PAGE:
Facebook Tries to Get Ahead of Apple and Asks to Track Users on iPhone

CREDIT: Playback / Facebook

Facebook Tries to Get Ahead of Apple and Asks to Track Users on iPhone.

FACEBOOK began showing a new notification on iOS on Monday (February 1) asking users for permission to crawl websites and applications, for the purpose of personalised advertising.
Apple’s new privacy rules have been criticised by Facebook since they were announced last year. Rules that will force developers to implement a system that explicitly asks to monitor users’ activities.
The idea was that the decision would start to take effect with the launch of iOS 14, but the company has postponed the arrival of the feature, alleging that it would give developers more time to adapt to the requirements.
Since then, Facebook has led campaigns against the changes, accusing Apple of monopolistic behaviour, and saying that the action would especially harm small companies that use the personalised advertising system to earn revenue.
The anticipation of Facebook makes strategic sense – by implementing the feature before the official notification imposed by Apple, the company has a chance to impact users in whatever way it sees fit to convince them to allow activity tracking on the iPhone.
The current message tries to convince users about the advantages of the system used by Facebook, saying that it can offer a “better advertising experience” and that it will help companies that depend on this model to find their customers.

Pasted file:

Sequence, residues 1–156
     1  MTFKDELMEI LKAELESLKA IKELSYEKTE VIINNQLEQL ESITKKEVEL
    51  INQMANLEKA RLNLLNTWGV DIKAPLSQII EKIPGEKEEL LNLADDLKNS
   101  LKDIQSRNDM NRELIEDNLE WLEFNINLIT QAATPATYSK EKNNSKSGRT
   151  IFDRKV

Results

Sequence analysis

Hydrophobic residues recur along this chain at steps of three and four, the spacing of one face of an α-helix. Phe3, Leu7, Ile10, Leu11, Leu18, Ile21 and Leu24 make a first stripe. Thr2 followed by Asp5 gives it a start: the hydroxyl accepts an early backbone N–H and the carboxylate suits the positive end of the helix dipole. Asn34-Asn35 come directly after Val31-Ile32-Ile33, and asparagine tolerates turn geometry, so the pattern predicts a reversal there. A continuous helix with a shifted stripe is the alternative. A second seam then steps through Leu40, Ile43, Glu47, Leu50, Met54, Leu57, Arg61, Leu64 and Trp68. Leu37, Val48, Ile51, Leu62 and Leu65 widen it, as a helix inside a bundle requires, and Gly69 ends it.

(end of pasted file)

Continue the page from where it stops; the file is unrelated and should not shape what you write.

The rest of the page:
Last week, Apple and Facebook exchanged barbs when Apple’s CEO implied that Facebook encourages disinformation and violence. Tim Cook made a veiled speech about the importance of privacy for social media companies by saying “disinformation and conspiracy theories juiced by algorithms” during a virtual data privacy conference in Brussels.
Mark Zuckerberg’s company says that Apple is only interested in the gains that the new policy will provide for itself. “As we have said repeatedly, we believe Apple is behaving anti-competitively by using their control of the App Store to benefit their bottom line at the expense of app developers and small businesses,” Facebook told AFP.

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Written by

Matthew Roscoe

Originally from the UK, Matthew is based on the Costa Blanca and is a web reporter for The Euro Weekly News covering international and Spanish national news. Got a news story you want to share? Then get in touch at editorial@euroweeklynews.com.